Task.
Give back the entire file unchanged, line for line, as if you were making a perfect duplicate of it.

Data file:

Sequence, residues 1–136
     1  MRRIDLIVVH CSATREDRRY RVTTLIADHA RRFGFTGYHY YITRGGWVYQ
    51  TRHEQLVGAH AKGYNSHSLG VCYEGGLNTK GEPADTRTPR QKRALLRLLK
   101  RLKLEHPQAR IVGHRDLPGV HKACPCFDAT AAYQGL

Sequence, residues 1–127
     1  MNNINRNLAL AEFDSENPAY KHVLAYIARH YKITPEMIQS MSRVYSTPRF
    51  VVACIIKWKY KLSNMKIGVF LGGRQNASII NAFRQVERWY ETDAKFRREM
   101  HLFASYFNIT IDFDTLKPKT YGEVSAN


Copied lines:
Sequence, residues 1–136
     1  MRRIDLIVVH CSATREDRRY RVTTLIADHA RRFGFTGYHY YITRGGWVYQ
    51  TRHEQLVGAH AKGYNSHSLG VCYEGGLNTK GEPADTRTPR QKRALLRLLK
   101  RLKLEHPQAR IVGHRDLPGV HKACPCFDAT AAYQGL

Sequence, residues 1–127
     1  MNNINRNLAL AEFDSENPAY KHVLAYIARH YKITPEMIQS MSRVYSTPRF
    51  VVACIIKWKY KLSNMKIGVF LGGRQNASII NAFRQVERWY ETDAKFRREM
   101  HLFASYFNIT IDFDTLKPKT YGEVSAN